CES Day 1: Sony’s 7 Imperatives: Openness is Good, but Not Entirely
CES Day 1: Sony’s 7 Imperatives: Openness is Good, but Not Entirely
CES Day 1: Sony’s 7 Imperatives: Openness is Good, but Not Entirely

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    After an 18 hour sojourn to get to Las Vegas yesterday (thank you, US Airways), I settled down this morning to hear Consumer Electronics Association President Gary Shapiro's “State of the Industry” address as well as Sony Chairman and CEO Sir Howard Stringer's Keynote. Gary's address was particularly notable for its video opening, which included Gary embedded in a series of old movies – as Groucho Marx in “Duck Soup”, as Dr. Frankenstein, as George Bailey in “It's a Wonderful Life,” among others, thanks to a technology called Yoostar., which allows people to play characters in their favorite movies. Watch the video here. Among other things, Gary emphasized CEA dedication to the principles set out in the famous Sony Betamax Supreme Court case, which legalized recording of TV shows, and called on Congress to lower statutory damages for copyright violations, the threat of which is responsible for many innovative technologies seeing the light of day.

    Sir Howard's Keynote was opened by the very wry and witty Tom Hanks, who in addition to shamelessly promoting Sony (he is starring in the Sony picture “Angels and Demons”), demonstrated eyeglasses that allow one to watch a video and walk at the same time. Here he is:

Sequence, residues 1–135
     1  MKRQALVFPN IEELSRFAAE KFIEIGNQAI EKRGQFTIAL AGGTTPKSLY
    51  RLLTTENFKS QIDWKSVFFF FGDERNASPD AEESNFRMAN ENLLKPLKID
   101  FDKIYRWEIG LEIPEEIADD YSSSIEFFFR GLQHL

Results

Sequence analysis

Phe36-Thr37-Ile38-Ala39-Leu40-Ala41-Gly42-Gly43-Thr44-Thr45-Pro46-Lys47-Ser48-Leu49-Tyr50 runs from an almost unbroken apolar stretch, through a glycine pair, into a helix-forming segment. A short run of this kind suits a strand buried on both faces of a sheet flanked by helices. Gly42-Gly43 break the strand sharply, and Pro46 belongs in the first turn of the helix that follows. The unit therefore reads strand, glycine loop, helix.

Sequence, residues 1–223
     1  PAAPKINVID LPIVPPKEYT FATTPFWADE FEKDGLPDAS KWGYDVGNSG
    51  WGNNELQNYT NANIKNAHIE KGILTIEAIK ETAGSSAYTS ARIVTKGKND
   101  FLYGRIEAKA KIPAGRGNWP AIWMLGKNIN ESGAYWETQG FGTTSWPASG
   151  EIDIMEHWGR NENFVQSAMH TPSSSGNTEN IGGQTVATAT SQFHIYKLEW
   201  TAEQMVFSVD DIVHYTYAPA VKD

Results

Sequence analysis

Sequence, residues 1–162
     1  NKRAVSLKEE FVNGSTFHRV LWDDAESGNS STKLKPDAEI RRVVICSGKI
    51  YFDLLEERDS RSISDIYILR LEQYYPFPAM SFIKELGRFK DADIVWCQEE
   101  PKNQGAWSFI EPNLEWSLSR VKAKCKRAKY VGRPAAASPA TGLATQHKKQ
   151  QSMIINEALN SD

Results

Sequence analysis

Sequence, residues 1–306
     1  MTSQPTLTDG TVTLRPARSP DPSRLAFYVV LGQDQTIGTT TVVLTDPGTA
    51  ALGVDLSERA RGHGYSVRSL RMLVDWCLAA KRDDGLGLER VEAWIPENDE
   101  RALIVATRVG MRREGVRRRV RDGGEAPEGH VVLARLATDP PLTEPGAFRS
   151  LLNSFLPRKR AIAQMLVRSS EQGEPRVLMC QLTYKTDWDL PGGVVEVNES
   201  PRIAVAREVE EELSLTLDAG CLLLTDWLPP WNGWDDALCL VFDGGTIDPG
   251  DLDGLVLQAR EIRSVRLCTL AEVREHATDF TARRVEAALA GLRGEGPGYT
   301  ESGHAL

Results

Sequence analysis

Tom Hanks

    Then Sir Howard took the stage alone, and laid out what he called his “Seven Imperatives” for the consumer electronics sector:

    1. Embrace the fusion of industries (CE/Tech/Content)

    2. Adopt a service-enhanced philosophy

    3. Products must be Multi-Functional (and easy to use)

    4. Support Open Technologies (citing Linux as an example)

    5. Advance the Shared Experience (through technologies that can talk to one another)

    6. Create new value chains (HDTV begets Blue Ray, and HD Video cameras, etc.)

    7. Go Green

    These all sound terrific, and I was particularly surprised by his support for open technologies, since Sony has been infamous in the past for driving consumers to proprietary peripherals like batteries, memory cards and the like.

    But my hopes were dashed seconds later, when Sir Howard praised the “Bravia Video Network,” were movies like “Hancock” are streamed, prior to DVD release, but only to those viewers who have a Bravia TV. We've written about that previously. Nothing open about that.